Recently I got the chance to ride my bicycle again after quite some time, meaning many months. I used to bike all the time when I was younger. It’s something I really want to pick up again and not let it go again!
The feeling of biking is exhilarating and freeing.
A Penguin representative reached out to me asking if I’d review a book The Green Bicycle. The story features a bold eleven year old, Wadjda, who lives in Saudi Arabia and her wish is to ride a bike. The issue is that girls don’t ride bikes where she lives. I couldn’t wait to read the story and glad I got the chance to read it and review it!
Amazon Summary: click here for look inside!
Spunky eleven-year-old Wadjda lives in Riyadh, Saudi Arabia with her parents. She desperately wants a bicycle so that she can race her friend Abdullah, even though it is considered improper for girls to ride bikes. Wadjda earns money for her dream bike by selling homemade bracelets and mixtapes of banned music to her classmates. But after she’s caught, she’s forced to turn over a new leaf (sort of), or risk expulsion from school. Still, Wadjda keeps scheming, and with the bicycle so closely in her sights, she will stop at nothing to get what she wants.
Set against the shifting social attitudes of the Middle East, The Green Bicycle explores gender roles, conformity, and the importance of family, all with wit and irresistible heart.
I was curious to read this book as I grew up in Abu Dhabi and wanted to see how her experience in Saudi Arabia was different from mine. The book is fictional, but the experiences reflect he author Haifaa Al Mansour’s school experiences.
Wadjda deals with challenges from being in an overly strict school where the girls are forced to memorize chants and patriotic songs. Wadjda struggles with the meaningless and mundane activities. When a Quran competition’s first prize is a big amount of money that can pay for a bicycle, Wadjda decides that she will win the competition so that she can buy a green bicycle that she has set her eyes on. Her friend Abdullah secretly teaches her to ride his bicycle and the feeling Wadjda experiences racing on his bike is pure joy.
In Abu Dhabi, I leraned to ride a bike and would ride around my house in a small parking lot so was glad to have that opportunity – something I took for granted. I felt for Wadjda who felt limited.
Furthermore, Wadjda deals with some hard issues such as washing her father remarry another wife when he is still married to his mother. Her heart breaks when she witnesses her mother’s sorrow. The mother and daughter’s connection is rekindled and although initially, her mother does not feel it is proper for Wadjda to ride a bike, at the end her mother supports her daughter and allows her ride it as she wishes. I don’t want to say too much about the exciting ending in case you get a chance to read it!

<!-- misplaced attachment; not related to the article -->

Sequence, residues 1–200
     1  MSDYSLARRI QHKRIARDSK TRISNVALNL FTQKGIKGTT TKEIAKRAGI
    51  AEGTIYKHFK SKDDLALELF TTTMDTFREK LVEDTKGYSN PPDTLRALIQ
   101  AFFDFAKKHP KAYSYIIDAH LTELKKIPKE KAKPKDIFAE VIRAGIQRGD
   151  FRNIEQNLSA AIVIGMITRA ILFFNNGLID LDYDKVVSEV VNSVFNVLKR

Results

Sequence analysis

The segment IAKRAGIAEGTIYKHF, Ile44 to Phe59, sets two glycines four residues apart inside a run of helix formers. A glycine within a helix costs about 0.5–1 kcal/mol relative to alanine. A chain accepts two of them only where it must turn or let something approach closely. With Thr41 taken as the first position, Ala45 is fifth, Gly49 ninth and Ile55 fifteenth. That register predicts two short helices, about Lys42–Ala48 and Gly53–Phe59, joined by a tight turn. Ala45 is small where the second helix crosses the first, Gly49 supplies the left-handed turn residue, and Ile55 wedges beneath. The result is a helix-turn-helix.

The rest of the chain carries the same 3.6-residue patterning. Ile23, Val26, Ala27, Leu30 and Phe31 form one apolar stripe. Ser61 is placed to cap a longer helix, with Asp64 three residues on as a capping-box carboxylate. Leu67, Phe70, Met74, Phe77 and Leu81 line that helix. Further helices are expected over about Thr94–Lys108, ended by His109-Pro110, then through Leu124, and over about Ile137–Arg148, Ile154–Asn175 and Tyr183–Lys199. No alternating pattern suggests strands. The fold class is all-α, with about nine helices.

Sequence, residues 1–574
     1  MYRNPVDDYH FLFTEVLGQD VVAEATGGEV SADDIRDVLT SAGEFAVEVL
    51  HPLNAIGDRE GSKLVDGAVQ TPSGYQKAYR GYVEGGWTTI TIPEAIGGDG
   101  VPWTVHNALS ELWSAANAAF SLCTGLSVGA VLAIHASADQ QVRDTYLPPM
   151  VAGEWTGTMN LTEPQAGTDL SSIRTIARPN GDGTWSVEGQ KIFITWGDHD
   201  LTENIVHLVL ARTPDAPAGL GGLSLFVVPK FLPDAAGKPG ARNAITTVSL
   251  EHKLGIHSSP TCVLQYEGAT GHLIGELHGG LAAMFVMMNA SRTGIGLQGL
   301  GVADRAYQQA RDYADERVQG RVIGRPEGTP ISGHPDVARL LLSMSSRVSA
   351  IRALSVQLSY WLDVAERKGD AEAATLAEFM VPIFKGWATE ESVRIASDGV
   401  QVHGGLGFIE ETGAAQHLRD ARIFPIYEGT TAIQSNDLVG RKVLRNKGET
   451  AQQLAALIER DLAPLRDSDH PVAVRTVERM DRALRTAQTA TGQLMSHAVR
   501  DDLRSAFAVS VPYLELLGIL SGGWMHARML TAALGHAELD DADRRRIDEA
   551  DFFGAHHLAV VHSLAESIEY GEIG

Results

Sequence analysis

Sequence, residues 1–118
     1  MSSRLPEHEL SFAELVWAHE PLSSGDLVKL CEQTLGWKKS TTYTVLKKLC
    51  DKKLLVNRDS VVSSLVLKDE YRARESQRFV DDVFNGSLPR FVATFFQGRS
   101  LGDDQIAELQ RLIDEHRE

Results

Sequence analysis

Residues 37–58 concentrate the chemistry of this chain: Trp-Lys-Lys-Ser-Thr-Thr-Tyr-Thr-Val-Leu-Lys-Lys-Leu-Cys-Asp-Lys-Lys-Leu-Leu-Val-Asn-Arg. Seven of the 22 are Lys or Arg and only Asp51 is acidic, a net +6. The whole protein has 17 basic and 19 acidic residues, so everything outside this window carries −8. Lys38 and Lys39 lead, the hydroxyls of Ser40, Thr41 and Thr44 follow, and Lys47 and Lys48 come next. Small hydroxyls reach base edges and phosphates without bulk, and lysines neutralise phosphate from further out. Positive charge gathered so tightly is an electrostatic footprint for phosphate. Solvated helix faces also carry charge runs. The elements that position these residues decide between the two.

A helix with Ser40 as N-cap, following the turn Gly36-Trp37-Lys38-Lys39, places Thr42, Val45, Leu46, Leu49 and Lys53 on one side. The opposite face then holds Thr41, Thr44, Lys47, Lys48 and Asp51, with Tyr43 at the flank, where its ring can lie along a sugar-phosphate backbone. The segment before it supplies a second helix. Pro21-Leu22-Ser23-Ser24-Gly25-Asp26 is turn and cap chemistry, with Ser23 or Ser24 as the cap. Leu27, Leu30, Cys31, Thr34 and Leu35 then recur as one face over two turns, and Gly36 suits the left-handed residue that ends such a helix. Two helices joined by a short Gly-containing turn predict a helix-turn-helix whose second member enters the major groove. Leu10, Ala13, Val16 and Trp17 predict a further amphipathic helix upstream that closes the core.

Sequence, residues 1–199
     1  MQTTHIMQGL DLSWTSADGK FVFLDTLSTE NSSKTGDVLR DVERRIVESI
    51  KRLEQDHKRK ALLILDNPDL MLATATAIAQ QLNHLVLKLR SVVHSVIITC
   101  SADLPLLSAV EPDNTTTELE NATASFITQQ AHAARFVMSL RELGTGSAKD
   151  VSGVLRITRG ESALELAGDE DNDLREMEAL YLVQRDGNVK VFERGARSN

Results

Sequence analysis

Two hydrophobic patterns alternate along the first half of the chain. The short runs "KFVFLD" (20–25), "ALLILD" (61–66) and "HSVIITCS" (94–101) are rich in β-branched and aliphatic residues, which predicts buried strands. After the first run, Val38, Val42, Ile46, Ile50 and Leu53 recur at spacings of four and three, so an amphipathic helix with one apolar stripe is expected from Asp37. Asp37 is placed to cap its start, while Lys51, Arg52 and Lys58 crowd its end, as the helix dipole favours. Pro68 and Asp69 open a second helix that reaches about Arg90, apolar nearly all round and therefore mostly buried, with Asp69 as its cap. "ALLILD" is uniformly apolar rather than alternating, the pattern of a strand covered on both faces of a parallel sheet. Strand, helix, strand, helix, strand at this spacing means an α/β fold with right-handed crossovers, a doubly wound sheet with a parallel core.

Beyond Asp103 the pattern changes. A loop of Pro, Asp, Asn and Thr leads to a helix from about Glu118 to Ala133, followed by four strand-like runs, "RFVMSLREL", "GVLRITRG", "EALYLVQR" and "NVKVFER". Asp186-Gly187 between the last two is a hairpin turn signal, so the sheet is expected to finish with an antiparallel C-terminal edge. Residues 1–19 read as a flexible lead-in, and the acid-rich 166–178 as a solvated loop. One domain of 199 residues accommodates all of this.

The author Haifaa Al Mansour wrote an author note that shed light on her experiences as a child. She said the main character is based on a lot of girls she grew up with. She writes the story isn’t necessarily autobiographical but is based on the place she came from. She experienced a lot of the same frustrations that Wadjda did in public school. I thought it was fun that author Haifaa had a green bike as a child and when she tagged along with her father to buy bikes for her two brothers, she spotted a green bike and wanted it. The seller was upset that she wanted the bicycle, but her father insisted upon getting it. Haifaa rode her bike in circles around her backyard, not outside her home, but still found pleasure in biking. That story touched me!
My grandmother used to bike to university in a sari many years ago in India. I always loved knowing how independent she was. I am Muslim and feel comfort in my religion knowing I have the right to go places, the right to ride a bicycle. Unfortunately, there are a few cultures that look down upon letting girls ride a bicycle. That disappoints me and I hope each girl around the world has this right! I also hope each student gets blessed with wonderful teachers. Ms. Hussa (Wadjda’s teacher) reminded me of Ms. Trunchbull from Roald Dahl’s Matilda, an unsavory character!
One favorite quote from the story:
The next morning, Wadjda swung herself up onto her new green bicycle and set out through the neighborhood. Her feet moved forward. She pedaled at her own speed, on her own terms. For the first time in her life, Wadjda felt the freedom of pure, unchecked movement, and knew the sensation of using her own power to whisk herself through the city. The warm wind slipped under her loose veil and blew her hair back as she swerved down streets and alleys, bumped on and off sidewalks.
I’ll never let go of this feeling, she thought, and pedaled harder.
This book was based on the award-wining film Wadjda and I can’t wait to watch the film next!